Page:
9 July 1998
I trust the National Union to do what is best for the American People. If GM is not stopped then they will send all the work to other countries and say to hell with the American people but expect us to buy the damn cars that foreign countries make. I say strike and cripple them and show them that America is still Strong and will not tolerate this kind of treatment.
12 July 1998
We thank you for your letter to the WSWS but must disagree with your comments on the strike at GM. We fail to see how the industrial and political solidarity required by the working class today can be established on the basis of the American nationalism expressed in your message. No doubt you are a militant defender of the union in the US, but it seems that you have not stopped to consider the position of workers in other countries. How should workers in Korea, Canada or Mexico take your letter? Why should they support the GM strikers?
The globalization of the auto industry has shown that the workers are presently handicapped by the fact that they lack an international industrial and political strategy to defend jobs and improve working and living conditions. Here a crucial question must be asked: How are workers in any country to take a step forward if they allow themselves to be pitted against workers in other countries in the never-ending drive of the corporations to lower labor costs? The only program that can meet the needs of workers in this age of global capital is summed up in the slogan: "Workers of the world, unite!"
WSWS Editorial Board
14 July 1998
Get these strikes over with. You are destroying my life. I do not feel sorry for the UAW, they are overpaid and under-worked. It's pitiful. Stop thinking only about yourselves and think of the other people that depend on GM and are not union to make a living. We are all human beings even if we are not members of the UAW.
12 July 1998
We must differ with what you have to say about the strike. First of all, the WSWS has maintained that the auto shutdown involves the fate of all working people, not only in the US but around the world. It is a conflict between the profit imperatives of GM, directly representing the interests of its major stockholders and indirectly speaking for the entire capitalist class, and the needs of the GM workers for secure jobs. Should this strike be defeated as others have been over the past two decades and further work concessions granted, a step back will be taken everywhere by the working class, of which you yourself are likely a part. As the levels of productivity are heightened and the conditions of employment are worsened at GM, these will become benchmarks for other automakers and, indirectly, for entirely different industries. After all, from the standpoint of big business, one section of workers will always be "overpaid and underworked" with respect to those employed under more exploitative conditions. For the working class to accept or endorse this argument, however, is to condemn itself to unending social retrogression.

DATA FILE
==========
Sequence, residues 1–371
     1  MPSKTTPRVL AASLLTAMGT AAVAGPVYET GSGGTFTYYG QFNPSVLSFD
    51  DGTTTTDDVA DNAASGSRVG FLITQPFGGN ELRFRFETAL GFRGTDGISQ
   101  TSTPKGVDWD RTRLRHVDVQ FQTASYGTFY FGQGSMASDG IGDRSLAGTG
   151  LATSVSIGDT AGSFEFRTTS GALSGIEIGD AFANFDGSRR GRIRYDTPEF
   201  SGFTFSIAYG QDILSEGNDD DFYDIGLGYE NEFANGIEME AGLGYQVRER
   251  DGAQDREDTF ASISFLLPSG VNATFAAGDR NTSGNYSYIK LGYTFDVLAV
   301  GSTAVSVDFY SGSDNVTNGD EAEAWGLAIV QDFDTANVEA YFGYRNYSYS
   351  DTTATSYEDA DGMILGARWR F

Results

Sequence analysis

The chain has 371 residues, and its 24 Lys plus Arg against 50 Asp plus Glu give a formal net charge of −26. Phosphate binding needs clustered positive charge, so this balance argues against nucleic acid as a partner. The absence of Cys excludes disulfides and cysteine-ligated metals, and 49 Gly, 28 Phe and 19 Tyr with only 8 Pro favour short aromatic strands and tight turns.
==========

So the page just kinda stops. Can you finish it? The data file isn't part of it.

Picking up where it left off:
I think that you'll see from a number of the comments of auto workers on this site that the GM strikers are motivated by many sentiments, but least of all selfishness. Many of the workers that we've met at the struck plants are relatively older and not far from retirement. But they are concerned about the fate of future generations and the communities in which they live.